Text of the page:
The National, O2 Arena, review: The connection is immediate despite the large capacity venue

This is the National’s triumph: lovers' lyrics built around personal insecurities that, when performed to the masses, strike a note with everyone

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The Independent Culture

Creating masterpieces almost by stealth, The National have steadily risen, album by album, from a cramped London dive to a roaring London arena.

Bright displays at their back – splinters of glass, Christmas baubles, myriads of colour - the five native Ohioans who now call Brooklyn home work with Sufjan Stevens through a staggering array of material that reaches right back to 2004 LP Cherry Tree.

With his baritone weighted down by melancholia, Berninger holds onto his mic as though it might abandon him, moving from self-deprecating futility to magnificent symbolism in a moment.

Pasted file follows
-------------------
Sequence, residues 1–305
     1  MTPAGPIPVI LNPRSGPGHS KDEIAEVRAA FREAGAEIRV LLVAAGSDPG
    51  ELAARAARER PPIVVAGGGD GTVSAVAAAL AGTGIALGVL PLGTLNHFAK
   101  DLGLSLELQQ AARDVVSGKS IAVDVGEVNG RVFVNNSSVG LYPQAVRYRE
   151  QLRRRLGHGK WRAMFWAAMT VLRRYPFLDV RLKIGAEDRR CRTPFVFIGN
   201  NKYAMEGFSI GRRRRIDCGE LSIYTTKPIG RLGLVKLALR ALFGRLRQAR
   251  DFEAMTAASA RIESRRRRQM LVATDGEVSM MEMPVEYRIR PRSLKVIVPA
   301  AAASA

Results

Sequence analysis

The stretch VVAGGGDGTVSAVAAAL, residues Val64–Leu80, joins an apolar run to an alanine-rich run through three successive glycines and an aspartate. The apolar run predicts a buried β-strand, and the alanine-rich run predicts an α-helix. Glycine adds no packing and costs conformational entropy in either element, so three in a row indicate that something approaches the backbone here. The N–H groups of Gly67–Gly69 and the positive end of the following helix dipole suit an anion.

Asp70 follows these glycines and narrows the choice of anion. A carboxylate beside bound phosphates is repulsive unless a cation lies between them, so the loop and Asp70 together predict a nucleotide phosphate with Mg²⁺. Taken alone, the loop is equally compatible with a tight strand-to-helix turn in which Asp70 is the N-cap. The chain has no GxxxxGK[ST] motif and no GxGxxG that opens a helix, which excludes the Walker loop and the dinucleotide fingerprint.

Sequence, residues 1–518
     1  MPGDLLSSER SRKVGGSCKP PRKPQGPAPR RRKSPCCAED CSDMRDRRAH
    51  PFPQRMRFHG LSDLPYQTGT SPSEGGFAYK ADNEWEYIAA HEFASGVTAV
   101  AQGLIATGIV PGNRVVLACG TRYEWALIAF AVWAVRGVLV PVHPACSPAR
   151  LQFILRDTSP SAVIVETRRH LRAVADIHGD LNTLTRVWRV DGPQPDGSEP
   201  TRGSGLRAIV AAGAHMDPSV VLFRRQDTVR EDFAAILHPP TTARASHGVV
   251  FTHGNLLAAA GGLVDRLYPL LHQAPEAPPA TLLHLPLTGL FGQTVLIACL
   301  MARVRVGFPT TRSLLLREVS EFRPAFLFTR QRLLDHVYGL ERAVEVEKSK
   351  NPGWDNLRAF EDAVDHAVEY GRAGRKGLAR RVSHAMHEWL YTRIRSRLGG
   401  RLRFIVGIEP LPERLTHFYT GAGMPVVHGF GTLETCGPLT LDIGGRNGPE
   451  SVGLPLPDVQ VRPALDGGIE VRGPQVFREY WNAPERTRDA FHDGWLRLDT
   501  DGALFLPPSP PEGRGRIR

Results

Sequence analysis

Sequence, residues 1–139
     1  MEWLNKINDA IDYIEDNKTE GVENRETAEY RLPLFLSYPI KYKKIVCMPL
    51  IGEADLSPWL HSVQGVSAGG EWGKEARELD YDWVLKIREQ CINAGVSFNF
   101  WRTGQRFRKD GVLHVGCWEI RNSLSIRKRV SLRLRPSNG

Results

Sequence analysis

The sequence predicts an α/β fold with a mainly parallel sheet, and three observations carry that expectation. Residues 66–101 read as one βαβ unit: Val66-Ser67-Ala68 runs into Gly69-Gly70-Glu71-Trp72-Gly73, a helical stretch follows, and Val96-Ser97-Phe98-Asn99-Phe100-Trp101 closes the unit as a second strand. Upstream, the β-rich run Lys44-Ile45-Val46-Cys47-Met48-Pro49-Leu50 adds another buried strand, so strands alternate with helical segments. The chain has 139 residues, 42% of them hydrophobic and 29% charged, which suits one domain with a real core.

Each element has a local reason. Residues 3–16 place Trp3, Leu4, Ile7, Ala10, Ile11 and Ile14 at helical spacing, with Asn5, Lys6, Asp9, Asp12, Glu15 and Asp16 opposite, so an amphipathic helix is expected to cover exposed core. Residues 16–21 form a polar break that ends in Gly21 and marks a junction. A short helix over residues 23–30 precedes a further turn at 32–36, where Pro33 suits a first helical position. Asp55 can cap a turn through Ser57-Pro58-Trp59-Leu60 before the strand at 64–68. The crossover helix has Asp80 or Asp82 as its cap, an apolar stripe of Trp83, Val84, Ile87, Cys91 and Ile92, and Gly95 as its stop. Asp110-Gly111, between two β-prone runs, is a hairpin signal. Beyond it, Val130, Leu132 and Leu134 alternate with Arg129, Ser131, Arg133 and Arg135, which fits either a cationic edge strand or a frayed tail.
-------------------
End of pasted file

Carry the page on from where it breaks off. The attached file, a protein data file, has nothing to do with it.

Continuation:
Tracks that should be perfect for staring sullenly through a rain-stricken window suddenly seem energetic when performed live despite their resignation, and lines stand out on their own: the forlorn ‘Pink Rabbits’ with ‘I didn’t ask for this pain/It just came over me’ is so resonant you can almost hear the catch in the audience’s throats.

It’s quite something to see that: a 20,000 capacity venue, almost filled to the brim, overwhelmed by an immediate, intimate connection with these agonised moans.

This is the National’s triumph: lovers' lyrics built around personal insecurities that, when performed to the masses, strike a note with everyone.

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